A Washington state proposal would stop bottled water companies from tapping natural water sources
Washington state is taking a stand against bottled water companies.
A bill making its way through the legislature would officially put a stop to new permits for groundwater withdrawals, which have long been criticized by activists for using up natural resources.
The legislation specifically dictates “any use of water for the commercial production of bottled water is deemed to be detrimental to the public welfare and the public interest.”
The bill, which passed the Senate by a 28-20 vote, moves on to the House.
If passed and signed, the bill would affect applications for new water withdrawals received since January 2019.
Washington’s proposal isn’t the first of its kind, and it reflects a larger trend across the country.
Legislation has been introduced in Michigan and Maine to protect groundwater from commercial use. In Florida, an online petition aiming to prevent Nestle from bottling water from Ginnie Springs has more than 83,000 signatures. And in Oregon, local officials ditched a deal with Nestle to open a plant, following environmental concerns.
Mary Grant, campaign director at the non-profit Food and Water Watch, called the Washington legislation “groundbreaking.”
“This legislation would help protect the state’s water resources, helping keep the limited freshwater supplies in the state, for the public benefit and the public good,” Grant said in a statement. “It would ban one of the worst corporate water abuses — the extraction of local water supplies in plastic bottles shipped out of watersheds and around the country.”
On the other hand, the International Bottled Water Association said in a statement that the Washington bill is based on the “false premise” that the industry is bad for the environment. Bottled water companies aren’t the only ones using groundwater, the statement said, and companies follow “all government mandates” when conditions require it to reduce water usage.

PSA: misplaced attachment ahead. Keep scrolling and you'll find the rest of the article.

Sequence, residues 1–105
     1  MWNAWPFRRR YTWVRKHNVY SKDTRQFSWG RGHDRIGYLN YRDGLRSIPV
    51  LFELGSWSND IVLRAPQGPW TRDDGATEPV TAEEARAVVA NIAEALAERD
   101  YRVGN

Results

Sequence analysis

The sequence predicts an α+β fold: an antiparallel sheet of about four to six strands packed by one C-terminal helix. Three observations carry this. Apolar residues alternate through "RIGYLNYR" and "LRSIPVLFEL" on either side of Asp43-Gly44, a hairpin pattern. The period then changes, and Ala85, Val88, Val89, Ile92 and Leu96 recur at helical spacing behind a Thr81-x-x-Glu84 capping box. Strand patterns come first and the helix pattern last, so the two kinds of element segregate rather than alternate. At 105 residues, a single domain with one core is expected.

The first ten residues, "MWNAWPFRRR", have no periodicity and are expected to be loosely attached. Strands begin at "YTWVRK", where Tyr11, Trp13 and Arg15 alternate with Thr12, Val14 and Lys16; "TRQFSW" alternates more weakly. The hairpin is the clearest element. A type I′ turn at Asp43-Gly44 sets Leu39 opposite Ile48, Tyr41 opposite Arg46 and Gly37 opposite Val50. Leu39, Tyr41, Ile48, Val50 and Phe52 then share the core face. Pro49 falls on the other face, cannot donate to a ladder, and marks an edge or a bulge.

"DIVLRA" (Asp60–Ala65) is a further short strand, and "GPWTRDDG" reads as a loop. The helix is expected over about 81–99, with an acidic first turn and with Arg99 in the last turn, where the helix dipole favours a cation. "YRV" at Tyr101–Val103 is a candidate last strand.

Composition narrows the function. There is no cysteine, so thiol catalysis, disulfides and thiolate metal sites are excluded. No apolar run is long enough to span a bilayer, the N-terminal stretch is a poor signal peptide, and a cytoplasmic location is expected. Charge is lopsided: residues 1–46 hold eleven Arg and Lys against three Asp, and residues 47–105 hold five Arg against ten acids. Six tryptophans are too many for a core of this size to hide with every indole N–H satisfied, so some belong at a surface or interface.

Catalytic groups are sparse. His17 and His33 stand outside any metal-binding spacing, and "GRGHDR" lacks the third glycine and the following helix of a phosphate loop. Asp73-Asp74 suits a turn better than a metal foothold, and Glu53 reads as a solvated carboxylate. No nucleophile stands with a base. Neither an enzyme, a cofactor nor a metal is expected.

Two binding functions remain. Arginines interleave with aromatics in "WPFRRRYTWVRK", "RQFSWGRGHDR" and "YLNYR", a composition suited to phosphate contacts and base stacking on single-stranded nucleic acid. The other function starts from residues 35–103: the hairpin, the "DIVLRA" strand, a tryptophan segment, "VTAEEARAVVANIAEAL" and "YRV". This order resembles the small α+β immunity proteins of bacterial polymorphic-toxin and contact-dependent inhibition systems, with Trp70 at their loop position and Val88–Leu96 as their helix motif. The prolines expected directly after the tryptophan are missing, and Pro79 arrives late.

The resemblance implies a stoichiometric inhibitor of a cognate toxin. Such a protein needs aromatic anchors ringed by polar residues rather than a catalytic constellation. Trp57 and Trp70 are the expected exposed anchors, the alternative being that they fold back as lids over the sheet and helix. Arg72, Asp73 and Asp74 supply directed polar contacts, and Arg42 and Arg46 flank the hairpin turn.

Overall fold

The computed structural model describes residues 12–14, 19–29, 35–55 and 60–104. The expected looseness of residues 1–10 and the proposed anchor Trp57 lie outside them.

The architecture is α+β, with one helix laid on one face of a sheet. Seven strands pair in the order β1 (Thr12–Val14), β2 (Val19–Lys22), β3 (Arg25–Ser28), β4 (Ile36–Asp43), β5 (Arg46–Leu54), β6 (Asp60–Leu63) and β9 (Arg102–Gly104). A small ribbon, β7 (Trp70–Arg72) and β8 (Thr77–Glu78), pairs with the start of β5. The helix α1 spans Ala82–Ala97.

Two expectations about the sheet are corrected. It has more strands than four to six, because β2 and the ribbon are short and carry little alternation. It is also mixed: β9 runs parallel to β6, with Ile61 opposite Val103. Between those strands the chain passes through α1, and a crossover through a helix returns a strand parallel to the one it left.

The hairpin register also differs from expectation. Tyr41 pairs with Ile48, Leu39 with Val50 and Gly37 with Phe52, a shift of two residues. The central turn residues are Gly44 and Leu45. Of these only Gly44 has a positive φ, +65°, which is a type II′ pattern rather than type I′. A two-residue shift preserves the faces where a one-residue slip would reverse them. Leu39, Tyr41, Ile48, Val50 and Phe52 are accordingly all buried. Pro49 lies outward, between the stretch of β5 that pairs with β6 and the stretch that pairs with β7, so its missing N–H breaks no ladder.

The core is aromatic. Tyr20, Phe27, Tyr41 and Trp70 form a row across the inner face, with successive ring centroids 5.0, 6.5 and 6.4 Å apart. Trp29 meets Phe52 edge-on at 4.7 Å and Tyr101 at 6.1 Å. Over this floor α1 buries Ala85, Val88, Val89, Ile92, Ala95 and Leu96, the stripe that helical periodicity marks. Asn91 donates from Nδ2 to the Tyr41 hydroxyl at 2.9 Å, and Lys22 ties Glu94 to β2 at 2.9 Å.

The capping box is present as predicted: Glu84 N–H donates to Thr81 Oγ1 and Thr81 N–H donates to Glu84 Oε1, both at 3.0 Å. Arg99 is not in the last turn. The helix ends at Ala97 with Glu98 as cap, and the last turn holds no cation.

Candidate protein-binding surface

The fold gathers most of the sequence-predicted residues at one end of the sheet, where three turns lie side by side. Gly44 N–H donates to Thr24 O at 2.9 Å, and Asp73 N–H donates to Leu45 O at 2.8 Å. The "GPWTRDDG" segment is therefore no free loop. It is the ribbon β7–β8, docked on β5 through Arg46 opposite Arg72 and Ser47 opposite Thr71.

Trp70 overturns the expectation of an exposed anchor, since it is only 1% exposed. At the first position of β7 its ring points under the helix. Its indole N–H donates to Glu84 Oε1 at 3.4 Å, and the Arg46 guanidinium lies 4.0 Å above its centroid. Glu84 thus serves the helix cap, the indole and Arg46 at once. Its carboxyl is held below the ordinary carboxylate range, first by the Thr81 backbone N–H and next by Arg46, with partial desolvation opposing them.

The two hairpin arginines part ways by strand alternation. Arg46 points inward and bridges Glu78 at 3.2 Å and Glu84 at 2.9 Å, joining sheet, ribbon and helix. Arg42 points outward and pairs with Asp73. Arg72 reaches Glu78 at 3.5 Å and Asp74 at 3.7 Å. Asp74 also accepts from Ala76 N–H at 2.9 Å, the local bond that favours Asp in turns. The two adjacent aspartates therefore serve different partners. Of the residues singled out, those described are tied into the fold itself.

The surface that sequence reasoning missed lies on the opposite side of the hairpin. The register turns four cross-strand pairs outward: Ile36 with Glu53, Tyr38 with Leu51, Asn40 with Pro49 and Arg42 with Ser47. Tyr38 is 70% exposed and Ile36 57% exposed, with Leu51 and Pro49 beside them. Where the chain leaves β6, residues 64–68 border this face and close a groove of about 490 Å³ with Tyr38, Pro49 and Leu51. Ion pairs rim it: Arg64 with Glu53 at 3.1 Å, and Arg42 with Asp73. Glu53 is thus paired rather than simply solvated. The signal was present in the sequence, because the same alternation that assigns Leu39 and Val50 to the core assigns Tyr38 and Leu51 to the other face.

“The proponents of anti-bottled water efforts such as this one, use emotionally charged arguments that are not based on facts or sound science,” it read.
Activists worry companies are depleting freshwater resources
The issue surrounding bottled water companies is rooted in the fact that the companies used groundwater as a main source of bottled water, according to the IBWA.
Groundwater is a renewable resource, replenished through the hydrologic cycle.
But what makes opponents angry is how much the bottled water companies take. Activists argue the companies are depleting limited groundwater resources.
In 2018, Michigan Rep. Yousef Rabhi proposed multiple bills to protect Michigan’s freshwater, including restrictions on bottled water companies.
“Michigan’s unique freshwater resources belong to all of us, and they need to be managed in the best interests of the public,” Rabhi said in a news release at the time. “Responsible management includes ensuring that water isn’t shipped out of the watershed and lost from the Great Lakes forever. We should also stop giving groundwater essentially for free to bottling companies that profit off its sale.”
Three years earlier, in 2015, a California drought caused similar criticism, when Nestle continued to bottle 725 million gallons of water annually at its plants. More than 3 billion gallons of water are bottled in California annually, the IBWA said at the time. The biggest users of groundwater, however, were farmers.
This heavy use of groundwater by both bottled water companies and citizens could result in its depletion — which would would mean significantly less water for drinking, agriculture and other needs, according to the US Geological Survey.